Aluminising a Telescope's Mirror

One of the most important “secret rituals” of an astronomical observatory is the aluminising of the telescope’s mirror.   The 4-metre primary mirror of the Anglo-Australian Telescope (AAT) is a huge chunk of finely polished glass-ceramic that has been coated with a thin layer of aluminium to create the reflective surface.  

Over time, the surface of the mirror collects dust and dirt from the air, and from birds and bats flying, occasionally leaving a dropping or two!   

So once a year, the technicians at the Australian Astronomical Observatory (AAO) remove the 16 tonne mirror from the telescope’s support structure and prepare the mirror for aluminising.  First, they strip off the old reflective coating, then prepare and polish the glass surface, and finally secure the mirror inside the large vacuum chamber metal tank for aluminising. 

The smooth glass surface is covered with a few grams of aluminium, spread out in a layer only 100 atoms thick.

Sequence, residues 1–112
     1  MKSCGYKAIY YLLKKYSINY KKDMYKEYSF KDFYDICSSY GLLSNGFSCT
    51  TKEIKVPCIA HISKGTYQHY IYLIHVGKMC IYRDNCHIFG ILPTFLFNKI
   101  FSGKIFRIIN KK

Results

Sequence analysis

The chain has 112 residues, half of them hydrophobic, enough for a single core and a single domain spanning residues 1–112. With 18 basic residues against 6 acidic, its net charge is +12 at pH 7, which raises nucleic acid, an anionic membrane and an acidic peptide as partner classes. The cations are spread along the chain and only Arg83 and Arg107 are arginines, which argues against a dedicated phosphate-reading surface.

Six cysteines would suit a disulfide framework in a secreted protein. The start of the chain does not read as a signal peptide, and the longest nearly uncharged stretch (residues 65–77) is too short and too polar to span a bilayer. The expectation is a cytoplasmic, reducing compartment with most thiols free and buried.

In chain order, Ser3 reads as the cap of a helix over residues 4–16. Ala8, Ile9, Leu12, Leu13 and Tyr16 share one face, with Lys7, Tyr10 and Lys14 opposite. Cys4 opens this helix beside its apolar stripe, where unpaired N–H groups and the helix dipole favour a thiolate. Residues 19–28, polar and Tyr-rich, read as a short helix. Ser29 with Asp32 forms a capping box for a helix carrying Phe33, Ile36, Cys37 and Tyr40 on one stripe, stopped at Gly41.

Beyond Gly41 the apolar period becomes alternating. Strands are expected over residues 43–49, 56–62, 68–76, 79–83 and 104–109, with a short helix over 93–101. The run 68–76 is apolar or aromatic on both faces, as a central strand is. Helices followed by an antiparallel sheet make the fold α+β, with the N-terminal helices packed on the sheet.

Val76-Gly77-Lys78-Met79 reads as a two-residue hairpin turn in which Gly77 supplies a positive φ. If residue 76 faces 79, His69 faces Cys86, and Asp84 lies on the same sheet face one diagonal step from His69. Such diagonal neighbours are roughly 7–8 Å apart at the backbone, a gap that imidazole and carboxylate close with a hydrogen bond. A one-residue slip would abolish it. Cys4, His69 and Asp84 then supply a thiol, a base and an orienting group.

To see the SHORT (3 minute) preview of this film, watch the TRAILER version of Aluminising here:


Making of the Film

The footage for this film was shot on location at the Anglo-Australian Telescope using a Canon 5D Mark III and 6D by Andy Green. The aerial footage of the Anglo-Australian Telescope building was filmed by Peter Poulos of iTelescope. Some additional archive footage of the telescope was filmed by Fred Kamphues  and night sky sequences were obtained by AAO/MQ Astronomer Angel Lopez-Sanchez. The music was performed by the Czech National Symphony Orchestra. The pieces are “Peer Gynt Suite No. 1, Op. 46 - IV. In the Hall Of The Mountain King” composed by Edvard Grieg and “In The Steppes of Central Asia” composed by Alexander Borodin. The teaser version also includes “The Planets, Op. 32 - IV. Jupiter, the Bringer of Jollity” composed by Gustav Holst and performed by the Skidmore College Orchestra. All music is public domain, courtesy of Musopen.


The “ritual” at other observatories

See how other telescopes aluminise their mirrors:

ESO’s Very Large Telescopes :

Palomar Observatory’s Hale Telescope:

The Canada-France-Hawaii Telescope: